Energy has long been a favoured private equity specialism among institutional investors and fund managers. Warburg Pincus, Hellman & Friedman, TPG, the Carlyle Group and KKR are among firms that target the sector alongside specialist energy-focused groups like First Reserve, Quantum Energy Partners, EnCap Investments, Denham Capital, Lime Rock and HitecVision.
But the energy story has changed dramatically over the past decade. LPs with exposure to the sector today may have committed capital to funds dating back to 2006-07, when oil prices hovered around $70 per barrel. Or during boom times like 2014, when the price hit nearly $110. That’s quite different to today, with a supply glut having pushed prices down to just $30 and slowed the ‘shale revolution’.
Yet, LPs that Private Equity International talked to remained steadfast in their long-term support for energy funds, stressing that any write-downs in their portfolios – while painful in the short-term – weren’t realised losses. And shouldn’t result in any material action on the part of LPs.
“One of the worst things you can do is hit the panic button when you don’t need to,” says Charles Wollmann, director of legislative affairs for the $19 billion New Mexico State Investment Council (SIC). “It just doesn’t make sense for us to try to sell any assets or deviate from long-term plans, which we put together with considerable thought and analysis.”
Gary Bruebaker, chief investment officer of the $103.4 billion Washington State Investment Board (WSIB), echoed these sentiments, saying the WSIB didn’t try to time the market or make decisions based on short-term performance, but instead hires fund managers it trusts to exercise their own views on buying and selling.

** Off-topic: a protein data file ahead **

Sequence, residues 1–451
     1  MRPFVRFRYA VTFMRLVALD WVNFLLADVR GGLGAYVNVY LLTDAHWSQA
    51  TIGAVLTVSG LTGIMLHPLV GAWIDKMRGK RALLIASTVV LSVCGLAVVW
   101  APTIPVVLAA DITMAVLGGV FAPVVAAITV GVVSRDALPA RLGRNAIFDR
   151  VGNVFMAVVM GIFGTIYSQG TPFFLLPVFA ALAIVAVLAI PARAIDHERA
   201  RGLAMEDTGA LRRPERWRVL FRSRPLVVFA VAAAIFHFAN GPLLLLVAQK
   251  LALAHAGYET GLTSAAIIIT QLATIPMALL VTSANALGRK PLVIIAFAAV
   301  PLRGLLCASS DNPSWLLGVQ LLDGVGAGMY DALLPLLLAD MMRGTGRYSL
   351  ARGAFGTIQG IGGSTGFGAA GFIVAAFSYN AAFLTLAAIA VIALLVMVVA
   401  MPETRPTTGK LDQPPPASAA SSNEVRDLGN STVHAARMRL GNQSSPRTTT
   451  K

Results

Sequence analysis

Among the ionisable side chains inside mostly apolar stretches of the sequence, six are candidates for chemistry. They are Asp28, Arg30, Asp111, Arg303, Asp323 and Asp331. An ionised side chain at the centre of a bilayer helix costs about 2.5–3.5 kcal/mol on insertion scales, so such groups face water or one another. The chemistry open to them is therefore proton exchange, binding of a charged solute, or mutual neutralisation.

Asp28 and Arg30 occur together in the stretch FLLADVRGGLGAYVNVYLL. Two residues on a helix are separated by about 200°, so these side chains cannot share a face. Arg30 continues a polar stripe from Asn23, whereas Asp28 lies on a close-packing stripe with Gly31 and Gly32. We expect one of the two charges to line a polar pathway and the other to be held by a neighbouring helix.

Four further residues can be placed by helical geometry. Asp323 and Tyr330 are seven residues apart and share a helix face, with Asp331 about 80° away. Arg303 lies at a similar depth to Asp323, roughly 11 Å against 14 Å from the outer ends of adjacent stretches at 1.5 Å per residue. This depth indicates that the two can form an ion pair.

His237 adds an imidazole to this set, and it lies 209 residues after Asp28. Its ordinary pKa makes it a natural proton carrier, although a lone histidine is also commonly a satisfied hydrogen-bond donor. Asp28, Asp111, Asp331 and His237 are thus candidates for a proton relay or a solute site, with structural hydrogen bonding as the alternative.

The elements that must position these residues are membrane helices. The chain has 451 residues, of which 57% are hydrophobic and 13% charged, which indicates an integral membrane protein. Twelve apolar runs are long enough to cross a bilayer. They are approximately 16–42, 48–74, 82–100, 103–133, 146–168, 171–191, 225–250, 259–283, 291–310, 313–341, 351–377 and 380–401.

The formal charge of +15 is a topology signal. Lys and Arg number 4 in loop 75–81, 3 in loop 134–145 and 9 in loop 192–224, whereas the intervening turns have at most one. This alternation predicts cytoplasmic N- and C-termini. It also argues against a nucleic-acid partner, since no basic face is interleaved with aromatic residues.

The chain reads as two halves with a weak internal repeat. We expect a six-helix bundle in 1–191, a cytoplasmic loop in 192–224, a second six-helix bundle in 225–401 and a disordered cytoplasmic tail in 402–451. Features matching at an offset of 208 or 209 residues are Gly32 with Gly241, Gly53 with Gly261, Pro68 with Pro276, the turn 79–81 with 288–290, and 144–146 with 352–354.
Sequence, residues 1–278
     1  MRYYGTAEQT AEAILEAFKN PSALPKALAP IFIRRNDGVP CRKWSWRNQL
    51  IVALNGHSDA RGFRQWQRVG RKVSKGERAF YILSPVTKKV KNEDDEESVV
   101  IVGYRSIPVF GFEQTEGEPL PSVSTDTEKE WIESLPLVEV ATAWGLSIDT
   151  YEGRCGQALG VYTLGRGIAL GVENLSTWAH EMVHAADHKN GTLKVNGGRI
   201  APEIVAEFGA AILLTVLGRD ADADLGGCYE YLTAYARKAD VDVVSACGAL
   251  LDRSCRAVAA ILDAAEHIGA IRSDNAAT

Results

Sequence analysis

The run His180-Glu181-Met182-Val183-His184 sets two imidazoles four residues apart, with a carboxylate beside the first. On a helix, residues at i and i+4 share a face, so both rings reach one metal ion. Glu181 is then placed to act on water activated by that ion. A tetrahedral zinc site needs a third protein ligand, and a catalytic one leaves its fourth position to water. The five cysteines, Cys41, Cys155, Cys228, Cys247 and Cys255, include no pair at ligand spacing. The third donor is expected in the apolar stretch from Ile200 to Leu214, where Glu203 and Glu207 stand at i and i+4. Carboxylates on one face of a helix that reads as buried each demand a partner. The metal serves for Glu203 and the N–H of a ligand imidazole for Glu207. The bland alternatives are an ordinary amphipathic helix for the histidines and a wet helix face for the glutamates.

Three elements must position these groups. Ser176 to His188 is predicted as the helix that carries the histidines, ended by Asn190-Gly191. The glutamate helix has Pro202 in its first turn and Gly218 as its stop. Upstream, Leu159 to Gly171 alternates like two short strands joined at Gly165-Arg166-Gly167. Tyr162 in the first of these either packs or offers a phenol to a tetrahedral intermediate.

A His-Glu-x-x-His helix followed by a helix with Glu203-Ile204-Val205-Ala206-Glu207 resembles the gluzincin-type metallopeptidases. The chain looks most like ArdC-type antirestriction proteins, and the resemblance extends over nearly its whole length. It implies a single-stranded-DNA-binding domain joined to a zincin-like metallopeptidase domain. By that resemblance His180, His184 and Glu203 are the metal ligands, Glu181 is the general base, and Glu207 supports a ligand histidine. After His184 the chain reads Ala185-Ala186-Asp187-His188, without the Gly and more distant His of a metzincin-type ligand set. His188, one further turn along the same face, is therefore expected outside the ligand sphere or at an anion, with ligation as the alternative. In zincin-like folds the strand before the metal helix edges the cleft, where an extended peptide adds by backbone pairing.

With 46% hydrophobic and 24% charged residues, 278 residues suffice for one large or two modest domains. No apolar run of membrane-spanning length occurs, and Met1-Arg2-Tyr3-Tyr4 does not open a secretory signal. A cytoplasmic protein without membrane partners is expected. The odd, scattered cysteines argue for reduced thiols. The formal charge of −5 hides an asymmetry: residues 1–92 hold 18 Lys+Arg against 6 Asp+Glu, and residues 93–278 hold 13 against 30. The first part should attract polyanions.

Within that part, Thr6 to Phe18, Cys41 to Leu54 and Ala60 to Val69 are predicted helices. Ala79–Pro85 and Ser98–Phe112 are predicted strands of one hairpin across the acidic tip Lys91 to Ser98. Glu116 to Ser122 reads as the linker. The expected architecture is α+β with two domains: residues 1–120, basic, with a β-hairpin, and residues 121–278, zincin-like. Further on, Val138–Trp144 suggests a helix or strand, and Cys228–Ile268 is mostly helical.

Paul Matson, executive director of the $36 billion Arizona State Retirement System (ASRS), takes the view that the supply-demand imbalance in today’s energy markets will return to equilibrium in the next year or so. That will, in turn, normalise prices to be in line with costs of production, a process that may take several years, but will make energy exposures a positive contributor to ASRS’ returns, he says.
Kay Olschewski, vice-president with Swiss-based asset manager Unigestion, noted LPs weren’t trying to ‘play the oil price’ via an energy-focused private equity fund – they’re expecting GPs to add operational value and grow companies over time.
He also stressed that oil-and-gas GPs weren’t the only fund managers who find themselves needing to survive and thrive in rapidly changing market cycles – and that investors must remain resolute: “Once you’ve decided to invest, you can’t just push the pause button. You have to be convinced that you selected the best manager and the best strategy.”
Secondary market statistics suggest the LPs we spoke to were representative of market sentiment. Advisory firm Setter Capital estimates only 3 percent of fund stakes sold by investors last year were for energy vehicles; its year-end report found approximately $826 million-worth of energy stakes had been traded, down more than 51 percent from the prior year.
While investors may be standing by their current investments, whether or not they pour as much money into energy strategies in the future is another matter.
At the $14.5 billion New Mexico Public Employees Retirement Association (PERA), chief investment officer Jon Grabel says PERA’s real assets portfolio, which includes most of its 3 percent energy allocation, fell at least 20 percent largely because of its energy exposure. As a result, PERA didn’t make any commitments to 2015-vintage energy vehicles. “At 3 percent, it’s not driving the whole portfolio, but nobody wants any allocation to underperform,” he says.
It’s also a sharp reminder as to the need for diversification within and beyond certain sectors, he adds. “It’s something we take for granted in the bull market and we become complacent,” Grabel says. “I think in the correction we’re having now, in particular with deflationary pressures in the energy [sector], it comes down to having a diversified portfolio.”
Wollmann suggests there is likely to be a shift towards income-producing assets as a hedge against volatility, while Arizona’s Matson said market distress was “presenting very interesting investment opportunities across the capital structure” and prompting some GPs to raise capital for distressed energy plays.
What’s certain is LPs’ appetite for energy isn’t expected to wane – even if it takes some different forms in the future.